We could have given them free Spotify subscriptions. Or Just Eat vouchers. Instead, the government’s pitch to Jezza-loving twenty-somethings was a cut in stamp duty for first-time buyers. The levy on buying a home will be abolished completely up to £300,000, and, for the trainee bankers and tech moguls buying in the better parts of London, the first three hundred grand when you are spending half a million will be let off the tax.
On the surface, that might seem like a good wheeze. If young people are angry that they can’t get a first foot on the housing ladder, then it will now be a little easier for them.
It comes with a cost, however. It takes a housing policy that was already a mess, and achieves the almost unimaginable feat of making it even worse.
Take stamp duty. Two decades ago, it used to be a very simple tax. Back when Mrs Thatcher was Prime Minister, you paid nothing up to £30,000, and 1 per cent after that. Under John Major, the threshold was doubled to £60,000 to reflect higher house prices. And, er, that was about it. Over two decades, nothing else happened to it.
Now it changes more often than West Ham managers. Predictably, it all started going wrong under Gordon Brown. Instead of one rate, he changed it to four. Not content with that, he then fiddled with the rates in 1998, 1999, and 2000. After a brief pause for breath, Labour changed them again in 2005, 2006, 2008, and then in a parting shot in 2010, with a 5 per cent rate on homes over £1 million.
George Osborne was not much better, changing the rates in 2012 and 2014, with a 12.5 per cent rate on properties over £1.5 million. So we went from one change in 20 years to eleven. Even worse, we now have a tax that depends on who you are. There is one rate for first-time buyers. Another rate for second home owners. We haven’t quite reached the stage of having special stamp duty rates for homes with Farrow & Ball paint or those elegant copper baths. But, heck, there is always next year. No doubt someone can start drafting the legislation.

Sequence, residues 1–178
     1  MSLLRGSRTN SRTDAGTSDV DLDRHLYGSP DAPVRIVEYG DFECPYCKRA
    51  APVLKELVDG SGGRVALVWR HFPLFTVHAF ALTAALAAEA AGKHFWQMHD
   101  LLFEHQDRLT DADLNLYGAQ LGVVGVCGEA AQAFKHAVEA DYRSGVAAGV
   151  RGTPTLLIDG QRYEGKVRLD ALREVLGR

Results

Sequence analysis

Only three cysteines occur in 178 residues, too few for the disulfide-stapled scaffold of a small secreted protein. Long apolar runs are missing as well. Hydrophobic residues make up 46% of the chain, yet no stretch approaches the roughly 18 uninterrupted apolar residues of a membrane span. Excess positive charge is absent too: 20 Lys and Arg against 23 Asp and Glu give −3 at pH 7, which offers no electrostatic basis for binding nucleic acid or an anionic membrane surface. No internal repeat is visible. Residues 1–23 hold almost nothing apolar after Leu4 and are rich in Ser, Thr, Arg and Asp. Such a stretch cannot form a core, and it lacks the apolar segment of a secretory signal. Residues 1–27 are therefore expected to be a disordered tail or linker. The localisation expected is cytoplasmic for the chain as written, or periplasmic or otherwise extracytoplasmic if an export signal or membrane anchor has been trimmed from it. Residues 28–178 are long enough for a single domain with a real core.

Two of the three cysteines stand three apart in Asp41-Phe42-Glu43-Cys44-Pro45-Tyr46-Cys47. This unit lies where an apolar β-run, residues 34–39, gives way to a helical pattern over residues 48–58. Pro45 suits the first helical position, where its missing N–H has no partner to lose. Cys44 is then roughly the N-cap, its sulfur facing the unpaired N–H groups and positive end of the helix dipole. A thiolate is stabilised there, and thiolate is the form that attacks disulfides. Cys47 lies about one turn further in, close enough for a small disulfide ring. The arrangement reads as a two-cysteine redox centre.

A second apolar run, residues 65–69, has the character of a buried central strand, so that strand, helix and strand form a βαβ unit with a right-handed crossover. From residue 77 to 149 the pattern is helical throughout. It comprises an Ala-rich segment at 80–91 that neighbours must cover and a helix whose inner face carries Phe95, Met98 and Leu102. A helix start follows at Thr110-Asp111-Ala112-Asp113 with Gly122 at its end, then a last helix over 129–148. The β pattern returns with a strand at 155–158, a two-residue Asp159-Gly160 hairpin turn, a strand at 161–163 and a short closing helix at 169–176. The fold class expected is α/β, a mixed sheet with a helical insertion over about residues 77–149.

It is a mess. Taxes are meant to be simple, stable, and preferably low. Stamp duty used to tick all three boxes. But in the last 20 years, it has been turned into a bewildering mess, with successive Chancellors using it as a crude tool for micro-managing the housing market. Too many buy-to-let landlords? Whack some stamp duty on them. Young people can’t afford homes? Cut their rate. The trouble is, each change just adds another layer of complexity to a market that is already completely dysfunctional. The government can’t micro-manage something as complex as the supply of houses any more than it can micro-manage anything else. Eleven reforms to the system have not made it work any better, nor has it made the market more accessible.
Here’s a simple solution. Why not cut the rate back to 1 per cent. And promise to leave it there until 2037. It could hardly make the housing market any worse – and it might just make it a whole lot better.